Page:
Understanding climate
for the benefit of society

Spruce forest on a sunny spring day in Bergen, Norway. Photo: Gudrun Sylte

Afforestation and soil carbon

When asked ‘Doesn’t tree planting in Norway increase carbon storage?’, Hanna Lee replies: ‘It depends on where the trees are planted.’


Written by Hanna Lee, researcher at the Bjerknes Centre and NORCE

There’s something a lot of people don’t know about soil. 

When it comes to carbon storage, soils store much more carbon than vegetation such as trees. If you knew this already, you already have an advanced knowledge about global carbon storage! Carbon storage in soils is not just a little more than vegetation. Globally, soils store 3-4 times more carbon than vegetation. 

When plants shed leaves or die, this litter goes over the leaching process, and gets integrated as part of soil. This is called soil organic matter. When you look at soil, something that looks brown is likely soil organic matter. Soil organic matter gets decomposed by microorganisms, so soil organic matter is not a ‘permanent’ carbon storage, but this process takes a very long time. Some soil organic matter can even be thousands of years old. So we consider soil carbon a relatively stable storage of carbon.

Because soil organic matter decomposition is a biological process, wherever the environmental condition is favorable, the process will be faster. For instance, in the tropics, plants grow faster and shed a lot of leaves, but because microbial decomposition is also very fast, there is relatively small amount of carbon stored in soil. On the other hand, northern ecosystems tend to store large amounts of soil carbon.

In northern ecosystems, plants don’t grow as fast as in the tropics, but microbial decomposition is also very slow. This results in accumulation of soil carbon. Furthermore, when the soil is very wet, the environmental condition is highly unfavorable for microbial decomposition.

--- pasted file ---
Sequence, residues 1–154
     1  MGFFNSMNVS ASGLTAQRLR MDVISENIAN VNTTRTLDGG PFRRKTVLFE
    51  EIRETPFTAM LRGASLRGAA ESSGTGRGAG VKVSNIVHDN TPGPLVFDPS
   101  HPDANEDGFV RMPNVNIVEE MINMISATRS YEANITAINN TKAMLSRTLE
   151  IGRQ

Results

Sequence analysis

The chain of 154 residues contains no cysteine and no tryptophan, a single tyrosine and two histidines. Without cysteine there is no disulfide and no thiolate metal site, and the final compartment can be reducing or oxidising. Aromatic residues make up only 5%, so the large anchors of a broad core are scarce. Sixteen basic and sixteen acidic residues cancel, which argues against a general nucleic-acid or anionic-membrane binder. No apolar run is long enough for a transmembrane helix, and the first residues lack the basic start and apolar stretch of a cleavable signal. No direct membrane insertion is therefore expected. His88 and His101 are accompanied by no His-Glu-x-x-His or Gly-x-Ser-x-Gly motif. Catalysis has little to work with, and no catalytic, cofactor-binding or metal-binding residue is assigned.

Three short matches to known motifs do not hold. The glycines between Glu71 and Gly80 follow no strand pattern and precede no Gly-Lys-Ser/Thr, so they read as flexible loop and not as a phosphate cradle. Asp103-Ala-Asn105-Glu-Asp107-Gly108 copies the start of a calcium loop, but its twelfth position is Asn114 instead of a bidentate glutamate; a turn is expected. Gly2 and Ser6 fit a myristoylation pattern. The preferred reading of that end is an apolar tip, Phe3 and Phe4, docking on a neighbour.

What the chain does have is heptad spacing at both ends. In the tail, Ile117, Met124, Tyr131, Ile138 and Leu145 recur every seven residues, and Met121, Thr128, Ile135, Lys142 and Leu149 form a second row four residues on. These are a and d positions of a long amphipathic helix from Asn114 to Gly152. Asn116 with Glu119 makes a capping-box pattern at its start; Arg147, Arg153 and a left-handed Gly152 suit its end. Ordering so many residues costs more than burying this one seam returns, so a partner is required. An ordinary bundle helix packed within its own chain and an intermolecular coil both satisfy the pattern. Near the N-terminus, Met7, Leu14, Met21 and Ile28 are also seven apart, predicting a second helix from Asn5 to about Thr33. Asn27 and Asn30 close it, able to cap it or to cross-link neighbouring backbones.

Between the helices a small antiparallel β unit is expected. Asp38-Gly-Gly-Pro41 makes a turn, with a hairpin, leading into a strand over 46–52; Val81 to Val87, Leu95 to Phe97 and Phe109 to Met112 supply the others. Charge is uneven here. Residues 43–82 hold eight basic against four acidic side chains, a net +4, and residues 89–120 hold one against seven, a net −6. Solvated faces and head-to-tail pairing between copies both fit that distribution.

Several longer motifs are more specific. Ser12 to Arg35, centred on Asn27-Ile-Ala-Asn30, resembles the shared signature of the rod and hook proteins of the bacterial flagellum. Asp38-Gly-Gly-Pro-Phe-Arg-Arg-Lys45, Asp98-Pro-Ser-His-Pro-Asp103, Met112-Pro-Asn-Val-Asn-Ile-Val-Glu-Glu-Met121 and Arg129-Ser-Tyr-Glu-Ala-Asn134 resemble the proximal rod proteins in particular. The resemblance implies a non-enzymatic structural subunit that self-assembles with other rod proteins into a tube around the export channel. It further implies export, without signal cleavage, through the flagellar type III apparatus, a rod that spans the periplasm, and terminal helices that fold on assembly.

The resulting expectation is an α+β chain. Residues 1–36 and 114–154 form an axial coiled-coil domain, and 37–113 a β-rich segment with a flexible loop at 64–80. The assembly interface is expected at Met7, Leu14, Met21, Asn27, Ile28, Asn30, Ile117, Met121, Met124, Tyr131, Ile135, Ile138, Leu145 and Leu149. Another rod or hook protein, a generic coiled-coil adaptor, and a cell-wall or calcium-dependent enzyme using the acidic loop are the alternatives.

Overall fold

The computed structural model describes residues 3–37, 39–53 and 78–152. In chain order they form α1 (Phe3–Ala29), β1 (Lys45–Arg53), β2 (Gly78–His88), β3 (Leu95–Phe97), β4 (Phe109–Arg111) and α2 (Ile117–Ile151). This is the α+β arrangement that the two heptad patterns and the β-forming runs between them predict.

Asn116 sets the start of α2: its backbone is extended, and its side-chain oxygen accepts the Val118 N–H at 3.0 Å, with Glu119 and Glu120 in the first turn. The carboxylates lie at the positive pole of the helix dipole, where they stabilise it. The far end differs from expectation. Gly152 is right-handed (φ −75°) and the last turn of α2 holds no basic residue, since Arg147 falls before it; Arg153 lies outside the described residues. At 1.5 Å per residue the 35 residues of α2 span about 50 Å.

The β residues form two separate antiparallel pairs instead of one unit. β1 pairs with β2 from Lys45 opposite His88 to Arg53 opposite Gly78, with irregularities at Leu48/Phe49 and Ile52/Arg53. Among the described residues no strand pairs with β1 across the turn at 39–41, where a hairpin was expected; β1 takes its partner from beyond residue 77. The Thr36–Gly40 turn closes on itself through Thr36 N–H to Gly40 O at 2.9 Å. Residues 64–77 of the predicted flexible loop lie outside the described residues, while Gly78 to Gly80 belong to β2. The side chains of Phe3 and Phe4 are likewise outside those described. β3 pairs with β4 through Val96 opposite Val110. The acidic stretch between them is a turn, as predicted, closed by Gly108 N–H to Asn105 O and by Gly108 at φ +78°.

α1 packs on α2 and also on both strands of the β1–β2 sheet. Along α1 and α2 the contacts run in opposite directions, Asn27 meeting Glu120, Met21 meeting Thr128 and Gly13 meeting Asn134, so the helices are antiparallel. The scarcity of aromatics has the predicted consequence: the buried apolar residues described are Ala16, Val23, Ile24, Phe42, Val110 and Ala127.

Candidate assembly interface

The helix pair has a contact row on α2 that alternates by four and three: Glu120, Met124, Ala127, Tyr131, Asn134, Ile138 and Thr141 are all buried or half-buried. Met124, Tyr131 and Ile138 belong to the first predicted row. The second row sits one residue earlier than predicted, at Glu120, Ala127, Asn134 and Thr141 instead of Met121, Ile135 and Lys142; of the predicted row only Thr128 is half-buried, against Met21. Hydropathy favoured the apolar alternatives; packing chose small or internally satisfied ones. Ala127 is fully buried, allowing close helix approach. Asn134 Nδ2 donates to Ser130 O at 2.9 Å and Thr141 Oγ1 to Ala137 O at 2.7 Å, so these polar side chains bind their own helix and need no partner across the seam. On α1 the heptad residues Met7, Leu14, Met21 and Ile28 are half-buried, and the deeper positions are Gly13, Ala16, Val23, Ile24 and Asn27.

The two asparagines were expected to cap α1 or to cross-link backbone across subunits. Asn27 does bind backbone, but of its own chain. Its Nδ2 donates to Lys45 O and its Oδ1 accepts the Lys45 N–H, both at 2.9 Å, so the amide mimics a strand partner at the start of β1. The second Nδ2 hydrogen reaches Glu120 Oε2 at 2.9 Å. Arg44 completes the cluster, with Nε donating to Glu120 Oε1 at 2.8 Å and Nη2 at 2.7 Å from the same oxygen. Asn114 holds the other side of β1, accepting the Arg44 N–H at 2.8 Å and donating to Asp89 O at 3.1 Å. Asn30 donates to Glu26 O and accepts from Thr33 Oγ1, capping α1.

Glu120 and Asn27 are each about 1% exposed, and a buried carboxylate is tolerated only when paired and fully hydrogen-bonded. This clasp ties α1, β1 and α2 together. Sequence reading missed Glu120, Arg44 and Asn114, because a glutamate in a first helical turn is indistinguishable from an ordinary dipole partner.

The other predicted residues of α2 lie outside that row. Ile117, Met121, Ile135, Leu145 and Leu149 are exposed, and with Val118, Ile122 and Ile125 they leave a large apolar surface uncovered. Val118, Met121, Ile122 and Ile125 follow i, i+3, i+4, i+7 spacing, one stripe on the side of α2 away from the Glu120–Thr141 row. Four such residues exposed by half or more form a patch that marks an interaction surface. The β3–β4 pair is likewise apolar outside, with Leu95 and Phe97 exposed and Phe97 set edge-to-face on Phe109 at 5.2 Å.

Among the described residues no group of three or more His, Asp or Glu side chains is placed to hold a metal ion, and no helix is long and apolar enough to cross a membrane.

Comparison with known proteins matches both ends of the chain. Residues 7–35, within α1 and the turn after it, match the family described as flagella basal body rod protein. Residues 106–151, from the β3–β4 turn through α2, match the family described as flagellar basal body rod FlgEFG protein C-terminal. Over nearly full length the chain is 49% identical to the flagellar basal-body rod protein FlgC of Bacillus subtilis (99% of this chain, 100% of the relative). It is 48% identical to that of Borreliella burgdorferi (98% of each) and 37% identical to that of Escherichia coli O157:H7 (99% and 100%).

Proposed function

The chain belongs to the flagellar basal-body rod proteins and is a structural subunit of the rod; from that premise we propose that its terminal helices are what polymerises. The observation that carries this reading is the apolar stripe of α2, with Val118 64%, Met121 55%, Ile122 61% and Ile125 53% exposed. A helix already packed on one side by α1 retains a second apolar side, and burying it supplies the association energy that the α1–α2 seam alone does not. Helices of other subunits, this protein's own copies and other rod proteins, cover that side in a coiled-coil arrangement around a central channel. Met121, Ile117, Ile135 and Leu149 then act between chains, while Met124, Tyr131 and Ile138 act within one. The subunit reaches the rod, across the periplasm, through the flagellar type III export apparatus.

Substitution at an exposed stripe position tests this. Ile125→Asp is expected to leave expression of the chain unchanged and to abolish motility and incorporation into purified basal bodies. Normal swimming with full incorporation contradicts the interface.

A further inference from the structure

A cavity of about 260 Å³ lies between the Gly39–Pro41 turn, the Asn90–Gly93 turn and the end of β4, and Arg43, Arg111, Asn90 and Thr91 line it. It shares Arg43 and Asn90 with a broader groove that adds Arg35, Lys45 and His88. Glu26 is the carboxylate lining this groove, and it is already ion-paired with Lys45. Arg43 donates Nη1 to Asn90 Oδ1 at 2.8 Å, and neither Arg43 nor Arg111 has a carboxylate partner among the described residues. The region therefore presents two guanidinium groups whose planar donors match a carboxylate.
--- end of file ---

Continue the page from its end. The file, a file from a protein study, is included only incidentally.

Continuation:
Think of those blanket bogs and mires. You might have thought of them as such useless land only filled with brown mud and mosquitoes. But these wetlands are a very large carbon storage because lack of oxygen under water slows down decomposition, allowing the soil to store a lot of carbon.

What does soil have to do with tree planting? 

The argument most often used to support ‘plant trees to mitigate climate’ is that trees will take up more CO2 from the atmosphere and store it in the biomass. This is true. But something they often forget is the soil and its vast ability to store carbon and the amount of carbon already stored there. 

Perhaps the complexity in the balance between increased vegetation production and soil organic matter decomposition is difficult to quantify. It is not as simple as ‘planting trees will increase CO2 uptake’. When we think about carbon gain from tree planting, we have to think about the ‘net’ carbon gain. If the carbon storage in both trees and in soil increases after planting trees, the net gain will be positive. But if the carbon storage in soil decreases more than carbon uptake by trees, the net gain will be negative.

In some cases, planting trees will increase soil carbon storage. Tree planting leads to increased vegetation production, which leads to increased litterfall and this leads to more soil carbon accumulation. This kind of results have been shown in Norway, particularly when the soil is sandy and dry, where initial soil carbon storage is not very large. In this case, the net carbon gain by tree planting will be positive. A recent government report supports this idea (Søgaard et al. 2019). 

But if trees are planted where soil carbon storage is already large, the act of planting trees can cause disturbance, and disturbance accelerates decomposition. We may lose more carbon from the soil in this case. Particularly, if the tree planting involves draining of wet soil that has very large carbon storage, the loss of soil carbon will be immense.

A recent observational study supports this idea (Friggens et al. 2020). Even after 12–39 years of tree planting and carbon uptake by trees, it did not result in ‘net’ carbon accumulation. Although trees accumulated a lot of carbon during this time, the initial loss of soil carbon was too high to make up for it in this case. 

So when someone asks me ‘Doesn’t tree planting in Norway increase carbon storage?’, I can only answer ‘It depends on where the trees are planted.’ 

We have to remember this. If we make wrong choices, like draining mires or bogs to plant trees, we may end up losing more carbon by planting trees. Because the loss of soil carbon may be much larger than the uptake of carbon by trees. And once the damage is done, it may not be reversible.


Friggens N.L. et al. 2020 Tree planting in organic soils does not result in net carbon sequestration on decadal timescales, Global Change Biology, 26:5178-5188.

Søgaard G. et al. 2019 Effekter av planting av skog på nye arealer: Betydning for klima, miljø og næring, NIBIO Raport 5(3).